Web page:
Minority Rights Group International (MRG) Deputy Director, Claire Thomas, writes this opinion piece for the Thomson Reuters News Foundation.+ LEARN MORE
Tuareg are nomadic, pastoralist tribes spread across the Saharan regions of Libya, Algeria, Mali, Niger, and Burkina Faso. Within Libya, estimates of their population size vary widely, ranging between 17,000 and 560,000. Libyan Tuaregs live primarily in the west and south-west of the country, especially in the cities of Ghat, Awbari and Ghadames. They speak the Tamasheq languages, which belong to same linguistic branch as Tamazight. The Tuareg population of Libya includes both the long-term inhabitants of the area, and recent immigrants who arrived from Niger and Mali beginning in the 1970s.
Historically, Tuareg merchants and their camel caravans played a central in the trans-Saharan trade networks linking southern Saharan cities with the Mediterranean ports on Africa’s north coast. Under Gaddafi’s rule, Tuareg were often praised and glorified by the state. Unlike Imazighen, whose language rights were repressed, Tuareg were permitted to speak Tamasheq, which Gaddafi considered to be a dialect of Arabic.
Thousands of Tuareg came to Libya from Niger and Mali in the 1970s, in the wake of severe drought in the Sahel during that time period. Gaddafi welcomed the Tuareg and encouraged their immigration, often referring to them as “Arabs of the South” and emphasizing their qualities as fighters and defenders. Gaddafi also went on to support Tuareg rebellions in Niger and Mali and invested in their regions. Many Tuareg were incorporated in the Libyan national army in the 1980s and were able to obtain citizenship and access state services. Other Tuaregs, especially women and children, who did not hold Libyan nationality, experienced the same types of marginalization common to other minorities under Gaddafi. In 2005, Gaddafi opened his doors once again to Tuareg fleeing conflict in Niger and Mali, and many found employment in the petroleum industry.
Due to their good relations with the regime, some Tuareg sided with Gaddafi when civil war broke out in 2011 and provided protection to Gaddafi’s family and close allies. Gaddafi was also rumored to have recruited Tuareg mercenaries from Niger and Mali to fight against the rebels. As a result, Tuareg were marginalized and treated with suspicion after the fall of Gaddafi. This is despite the fact that many Tuareg in fact opposed Gaddafi and his treatment of minorities, both before and during the revolution. Many were also victims of the conflict, with the Society for Threatened Peoples reporting that 500 Tuaregs from Ghadames had sought refuge in Algeria in September 2011.
Tuareg have faced discrimination and racist harassment in post-2011 Libya due to the perception that they were Gaddafi loyalists. Together with other minorities in Libya, they are seeking a greater degree of participation in the political future of the country and guarantees that their cultural and linguistic rights will be respected. Like the Imazighen, Tuareg were granted only two seats on the Constitutional Drafting Committee and joined the Imazighen in their boycott of the process. Draft versions of the Constitution released since 2015 have recognized Tuareg culture and language as important parts of Libya’s heritage, but have fallen short in offering true protections to the community from discrimination and other abuses of their rights. UNESCO has classified the language of the Tuareg as ‘definitely endangered.’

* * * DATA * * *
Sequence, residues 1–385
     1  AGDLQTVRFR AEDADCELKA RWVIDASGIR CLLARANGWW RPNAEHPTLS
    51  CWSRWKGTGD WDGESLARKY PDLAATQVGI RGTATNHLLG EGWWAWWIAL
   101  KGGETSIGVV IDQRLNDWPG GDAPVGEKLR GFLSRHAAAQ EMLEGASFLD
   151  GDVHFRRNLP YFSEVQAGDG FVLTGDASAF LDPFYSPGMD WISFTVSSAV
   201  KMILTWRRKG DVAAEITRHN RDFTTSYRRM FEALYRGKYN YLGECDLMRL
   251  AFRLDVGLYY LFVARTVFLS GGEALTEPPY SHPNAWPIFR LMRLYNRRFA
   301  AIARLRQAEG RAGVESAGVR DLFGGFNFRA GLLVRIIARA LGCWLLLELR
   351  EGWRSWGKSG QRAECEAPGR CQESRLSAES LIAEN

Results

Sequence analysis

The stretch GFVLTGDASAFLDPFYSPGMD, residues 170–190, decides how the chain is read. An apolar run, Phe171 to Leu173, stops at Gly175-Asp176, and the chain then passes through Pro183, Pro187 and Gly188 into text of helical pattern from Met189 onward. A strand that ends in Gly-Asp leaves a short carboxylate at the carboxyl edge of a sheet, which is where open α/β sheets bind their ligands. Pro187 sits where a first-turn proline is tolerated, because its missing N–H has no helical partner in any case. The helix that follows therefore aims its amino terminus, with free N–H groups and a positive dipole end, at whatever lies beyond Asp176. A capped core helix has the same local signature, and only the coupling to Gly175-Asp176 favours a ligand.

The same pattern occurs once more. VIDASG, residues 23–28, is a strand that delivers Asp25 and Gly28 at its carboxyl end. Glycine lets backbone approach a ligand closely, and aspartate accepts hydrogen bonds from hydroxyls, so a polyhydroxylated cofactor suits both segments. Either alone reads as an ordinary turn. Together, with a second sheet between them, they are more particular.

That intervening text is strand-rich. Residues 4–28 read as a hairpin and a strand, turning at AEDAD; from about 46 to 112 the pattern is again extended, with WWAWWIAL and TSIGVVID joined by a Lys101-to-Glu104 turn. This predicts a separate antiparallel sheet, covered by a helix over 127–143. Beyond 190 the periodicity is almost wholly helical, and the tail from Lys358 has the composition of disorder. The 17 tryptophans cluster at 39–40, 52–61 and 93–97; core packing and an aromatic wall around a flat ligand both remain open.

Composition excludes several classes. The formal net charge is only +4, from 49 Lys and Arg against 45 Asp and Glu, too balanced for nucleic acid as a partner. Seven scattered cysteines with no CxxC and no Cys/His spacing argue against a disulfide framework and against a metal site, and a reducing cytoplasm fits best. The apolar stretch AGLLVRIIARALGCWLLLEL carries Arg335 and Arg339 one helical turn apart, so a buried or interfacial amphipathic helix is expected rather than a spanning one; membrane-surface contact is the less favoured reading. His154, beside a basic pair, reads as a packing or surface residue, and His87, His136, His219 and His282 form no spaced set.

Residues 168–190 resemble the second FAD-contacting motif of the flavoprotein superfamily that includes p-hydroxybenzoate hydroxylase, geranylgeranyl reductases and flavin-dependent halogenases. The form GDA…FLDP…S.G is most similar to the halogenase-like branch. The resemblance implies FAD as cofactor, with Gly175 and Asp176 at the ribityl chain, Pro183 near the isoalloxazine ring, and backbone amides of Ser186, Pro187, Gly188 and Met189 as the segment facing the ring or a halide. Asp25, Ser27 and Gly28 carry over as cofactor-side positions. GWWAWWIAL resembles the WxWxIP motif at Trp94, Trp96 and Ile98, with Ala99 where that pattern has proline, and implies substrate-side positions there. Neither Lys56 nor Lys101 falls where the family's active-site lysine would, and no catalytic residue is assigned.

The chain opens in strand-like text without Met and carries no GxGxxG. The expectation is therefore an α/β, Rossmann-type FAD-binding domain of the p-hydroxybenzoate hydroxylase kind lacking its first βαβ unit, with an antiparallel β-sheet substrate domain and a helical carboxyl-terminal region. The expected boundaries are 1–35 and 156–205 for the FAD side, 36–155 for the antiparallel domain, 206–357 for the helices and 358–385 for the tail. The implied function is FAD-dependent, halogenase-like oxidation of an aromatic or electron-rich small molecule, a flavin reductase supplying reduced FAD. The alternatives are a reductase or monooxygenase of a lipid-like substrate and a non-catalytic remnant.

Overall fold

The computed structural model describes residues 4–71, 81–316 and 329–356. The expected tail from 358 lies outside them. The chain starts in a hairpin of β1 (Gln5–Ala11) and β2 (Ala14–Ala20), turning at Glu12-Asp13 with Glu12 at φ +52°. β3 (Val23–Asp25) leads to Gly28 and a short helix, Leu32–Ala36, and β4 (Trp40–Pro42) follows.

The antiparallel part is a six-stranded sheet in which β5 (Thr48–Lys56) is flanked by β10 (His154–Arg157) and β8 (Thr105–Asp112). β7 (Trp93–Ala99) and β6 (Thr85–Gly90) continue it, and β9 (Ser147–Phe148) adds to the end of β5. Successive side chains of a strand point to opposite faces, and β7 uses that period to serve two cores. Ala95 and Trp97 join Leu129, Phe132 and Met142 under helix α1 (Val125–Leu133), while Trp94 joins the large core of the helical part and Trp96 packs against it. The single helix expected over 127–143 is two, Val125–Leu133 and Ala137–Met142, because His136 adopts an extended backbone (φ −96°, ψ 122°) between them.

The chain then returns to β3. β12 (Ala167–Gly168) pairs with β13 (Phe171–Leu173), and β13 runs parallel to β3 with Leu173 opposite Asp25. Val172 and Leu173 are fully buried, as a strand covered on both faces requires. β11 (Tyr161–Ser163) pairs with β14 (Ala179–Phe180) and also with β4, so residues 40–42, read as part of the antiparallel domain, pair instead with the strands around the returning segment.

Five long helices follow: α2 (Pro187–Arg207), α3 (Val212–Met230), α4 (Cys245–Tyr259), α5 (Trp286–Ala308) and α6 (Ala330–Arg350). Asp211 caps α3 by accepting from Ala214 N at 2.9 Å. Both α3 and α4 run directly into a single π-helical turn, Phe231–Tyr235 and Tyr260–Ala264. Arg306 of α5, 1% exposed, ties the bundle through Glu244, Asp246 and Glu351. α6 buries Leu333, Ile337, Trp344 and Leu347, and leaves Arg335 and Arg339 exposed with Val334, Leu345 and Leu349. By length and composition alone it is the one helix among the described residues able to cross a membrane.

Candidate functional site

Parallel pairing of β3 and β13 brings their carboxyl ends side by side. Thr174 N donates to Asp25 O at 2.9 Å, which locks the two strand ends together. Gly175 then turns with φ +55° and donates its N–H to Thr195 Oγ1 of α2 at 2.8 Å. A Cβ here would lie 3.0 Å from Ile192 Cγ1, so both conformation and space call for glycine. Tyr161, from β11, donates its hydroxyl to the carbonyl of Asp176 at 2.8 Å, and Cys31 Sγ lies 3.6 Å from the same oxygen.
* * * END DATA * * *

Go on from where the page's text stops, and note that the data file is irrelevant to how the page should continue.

Lack of documentation is another ongoing concern in the Tuareg community. According to some estimates, approximately 14,000 Tuareg do not hold citizenship or official papers. Since Libya’s 1954 citizenship law required applicants to prove that their mother, father, grandmother or grandfather was born in Libya, many of the semi-nomadic Tuareg could not apply for citizenship due to their frequent movement across the borders between Libya, Algeria, Niger and Chad as well as lack of documents proving their origin.
Recently, the Tuareg have been embroiled in conflict with the Tebu in the southern town of Awbari, driven by disputes over oil and water resources and control of the lucrative smuggling trade in arms, drugs and migrants. Beginning in September 2014, clashes between militias from the two communities led to the displacement of 18,500 people, most of whom were women, children and the elderly. The two communities signed a ceasefire brokered by Qatar in November 2015, although sporadic clashes continued. IDPs began returning to the town, despite the fact that homes, infrastructure and services remained destroyed or heavily damaged; in May 2017 the conditions of the agreement were finally implemented with the withdrawal of militias from both sides from the town.
Updated July 2018